Especially when we learn of one,
A total seen in ’29.

Alas, we now can calculate
Down to the nearest minute
And the nearest mile its fate –

And this one was November,
And only nine-tenths partial there –
The dark was still a glowing ember.

The near-miss of ’29 –
The sky was dim, the air was chill,
But the Sun could still outshine.

An hour or two round noon –
All build-up with no climax, though,
Then over far too soon.

And anyway, it just won’t do –
For Passover was always held
When the Moon was full, not new.

But what about a Lunar one ?
There’s one in April ’33,
At sunset too – job done !

Except…it’s partial, still quite bright,
And it didn’t last an hour in all,
And the only darkness comes with night.

Some suggest volcanic ash instead –
Though that would last for weeks, and stretch
Throughout the Eastern Med.

Maybe just a heavy storm ?
The legend doesn’t mention rain,
But thunderheads might fit the form.

And yet…is that the best that God
Can rustle up ?  A gloomy afternoon ?
His climax barely gets a nod.

We’re better off with desert dust –
When heavy in the atmosphere
It tints the Moon with rust.

But as the moon sails higher,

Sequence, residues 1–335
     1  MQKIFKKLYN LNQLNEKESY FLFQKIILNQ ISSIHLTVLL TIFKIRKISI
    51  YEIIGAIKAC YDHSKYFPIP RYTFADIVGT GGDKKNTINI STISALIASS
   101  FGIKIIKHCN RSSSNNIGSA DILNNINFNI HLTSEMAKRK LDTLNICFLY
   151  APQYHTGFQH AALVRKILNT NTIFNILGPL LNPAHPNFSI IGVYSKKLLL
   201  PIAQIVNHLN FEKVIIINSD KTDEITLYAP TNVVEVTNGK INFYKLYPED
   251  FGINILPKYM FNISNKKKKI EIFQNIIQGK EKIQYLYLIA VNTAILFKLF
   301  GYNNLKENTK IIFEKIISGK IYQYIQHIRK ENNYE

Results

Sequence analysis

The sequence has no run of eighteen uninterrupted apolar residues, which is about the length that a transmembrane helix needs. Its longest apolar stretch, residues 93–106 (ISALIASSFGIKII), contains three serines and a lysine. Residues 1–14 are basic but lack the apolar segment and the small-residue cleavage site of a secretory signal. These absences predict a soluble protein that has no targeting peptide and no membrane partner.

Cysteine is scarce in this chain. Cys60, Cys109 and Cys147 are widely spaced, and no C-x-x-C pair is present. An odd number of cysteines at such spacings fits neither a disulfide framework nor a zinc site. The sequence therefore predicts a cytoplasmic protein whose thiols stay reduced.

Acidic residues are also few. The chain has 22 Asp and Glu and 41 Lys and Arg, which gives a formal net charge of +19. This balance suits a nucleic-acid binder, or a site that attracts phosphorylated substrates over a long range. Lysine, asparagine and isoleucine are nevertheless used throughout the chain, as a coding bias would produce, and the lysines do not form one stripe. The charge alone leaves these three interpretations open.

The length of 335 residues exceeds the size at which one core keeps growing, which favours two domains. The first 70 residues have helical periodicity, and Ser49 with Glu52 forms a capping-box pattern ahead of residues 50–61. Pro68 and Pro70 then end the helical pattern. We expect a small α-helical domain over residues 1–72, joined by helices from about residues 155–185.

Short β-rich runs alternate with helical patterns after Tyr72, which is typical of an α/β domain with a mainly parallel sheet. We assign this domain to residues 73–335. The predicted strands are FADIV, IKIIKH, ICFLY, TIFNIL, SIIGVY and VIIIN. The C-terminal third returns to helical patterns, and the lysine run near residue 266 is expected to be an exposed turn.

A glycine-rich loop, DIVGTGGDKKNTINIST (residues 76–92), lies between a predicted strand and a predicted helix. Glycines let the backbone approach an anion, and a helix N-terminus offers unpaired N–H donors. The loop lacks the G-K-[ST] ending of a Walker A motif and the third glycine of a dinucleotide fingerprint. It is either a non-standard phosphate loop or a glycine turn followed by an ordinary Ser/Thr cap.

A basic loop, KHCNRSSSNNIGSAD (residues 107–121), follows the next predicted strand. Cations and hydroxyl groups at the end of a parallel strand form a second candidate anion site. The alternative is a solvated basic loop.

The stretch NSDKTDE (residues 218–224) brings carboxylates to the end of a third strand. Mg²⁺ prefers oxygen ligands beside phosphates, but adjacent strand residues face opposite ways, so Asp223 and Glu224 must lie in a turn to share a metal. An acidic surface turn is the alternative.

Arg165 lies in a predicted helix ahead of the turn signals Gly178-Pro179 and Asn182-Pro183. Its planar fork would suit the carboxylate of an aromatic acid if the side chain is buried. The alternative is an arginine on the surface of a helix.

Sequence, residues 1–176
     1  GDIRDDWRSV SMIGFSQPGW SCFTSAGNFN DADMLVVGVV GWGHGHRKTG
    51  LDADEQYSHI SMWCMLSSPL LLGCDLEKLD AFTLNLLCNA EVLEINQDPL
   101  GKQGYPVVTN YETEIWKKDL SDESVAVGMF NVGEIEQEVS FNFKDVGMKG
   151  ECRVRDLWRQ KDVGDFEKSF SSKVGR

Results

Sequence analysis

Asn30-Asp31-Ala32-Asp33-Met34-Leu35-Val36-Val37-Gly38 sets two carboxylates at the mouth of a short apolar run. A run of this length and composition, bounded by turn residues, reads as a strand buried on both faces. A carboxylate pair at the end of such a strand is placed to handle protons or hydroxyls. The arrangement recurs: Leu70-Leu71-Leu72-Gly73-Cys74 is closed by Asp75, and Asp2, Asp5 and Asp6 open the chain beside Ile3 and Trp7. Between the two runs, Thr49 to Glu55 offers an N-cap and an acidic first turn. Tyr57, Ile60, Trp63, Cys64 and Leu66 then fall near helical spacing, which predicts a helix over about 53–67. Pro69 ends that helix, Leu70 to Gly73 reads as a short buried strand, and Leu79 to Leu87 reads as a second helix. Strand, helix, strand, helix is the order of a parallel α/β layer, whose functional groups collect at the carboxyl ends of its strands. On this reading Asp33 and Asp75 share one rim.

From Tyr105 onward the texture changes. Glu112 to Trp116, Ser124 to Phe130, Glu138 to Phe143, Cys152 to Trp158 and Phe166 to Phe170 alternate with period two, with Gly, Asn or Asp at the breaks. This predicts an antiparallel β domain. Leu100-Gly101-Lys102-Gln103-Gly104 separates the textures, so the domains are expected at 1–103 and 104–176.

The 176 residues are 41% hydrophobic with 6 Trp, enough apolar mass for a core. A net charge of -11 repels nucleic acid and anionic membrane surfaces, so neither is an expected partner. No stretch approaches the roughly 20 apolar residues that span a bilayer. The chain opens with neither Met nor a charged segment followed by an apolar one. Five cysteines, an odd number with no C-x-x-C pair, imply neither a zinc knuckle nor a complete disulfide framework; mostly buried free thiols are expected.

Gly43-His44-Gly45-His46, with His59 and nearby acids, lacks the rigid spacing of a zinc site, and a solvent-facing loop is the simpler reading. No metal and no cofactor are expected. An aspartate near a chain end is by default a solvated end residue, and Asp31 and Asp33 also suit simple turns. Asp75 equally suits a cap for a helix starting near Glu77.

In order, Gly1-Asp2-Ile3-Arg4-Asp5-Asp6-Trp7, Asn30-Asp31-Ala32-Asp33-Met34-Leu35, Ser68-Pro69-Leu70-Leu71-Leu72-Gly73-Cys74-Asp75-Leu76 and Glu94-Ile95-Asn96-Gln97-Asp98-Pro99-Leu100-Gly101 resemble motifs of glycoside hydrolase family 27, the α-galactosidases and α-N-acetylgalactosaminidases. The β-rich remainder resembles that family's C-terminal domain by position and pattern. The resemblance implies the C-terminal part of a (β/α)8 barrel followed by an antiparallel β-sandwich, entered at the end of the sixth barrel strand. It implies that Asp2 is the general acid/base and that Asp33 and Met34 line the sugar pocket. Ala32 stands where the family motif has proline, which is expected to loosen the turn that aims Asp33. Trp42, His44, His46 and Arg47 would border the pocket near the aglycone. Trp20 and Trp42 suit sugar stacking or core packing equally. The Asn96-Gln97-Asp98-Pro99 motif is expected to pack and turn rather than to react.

So the dust is less through which we peer –
So this one’s not a flyer.

And anyway, how come
There was no-one else wrote down the fact
Of what should strike them dumb ?

Three full hours of dark,
Before the sun had even set ?
Now that should leave its mark !

In our hearts, we know the score –
The sky did not go dark that day.
The world still turned, just as before.

Furtive Fog

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Furtive Fog

It always starts a ways away,
Funny how it’s never close by –
Up ahead and off behind,
But over there, a little shy.
It seems I’m in a bubble,
In a force-field of my own –
And not a wisp may enter in
My fog-exclusion zone.
It’s not like wrapped in cotton-wool,
And more like in a ping-pong ball –
I’m in the hollow centre here,
And staring at the distant wall.
So only at a certain distance,
In it sweeps, like an afterthought –
Like chasing the end of a rainbow,
So the start of the fog can never be caught.
I’m all alone, like a solipsist,
In a world without a sun –
But where I walk I clear the air,
I drive it out, I make it run.
I’m boiling off the sunken clouds,
I’m pushing back the grey –
So this is no pea-souper,
But a crystal consommé.

Snow Angels

Shepherd Wedding by Jennie Hill

Snow Angels

Strange, how this day of love
Is a day of sneezes and fingers numb.
Why does it fall with a deathly chill
As the hothouse roses succumb ?
Maybe it serves to underscore
How love is often bittersweet –
Whereas, in the height of Summer,
This day would be lost in the endless heat.

Strange, how this day of red
Is a day of snowdrops and Winter mould.
Why does it fall when the days are short
And the nights are bitterly cold ?
Maybe it serves to warm the frost,
And give our torpid hearts a shove –
Whereas, in the height of Summer,
Who needs a reminder to fall in love ?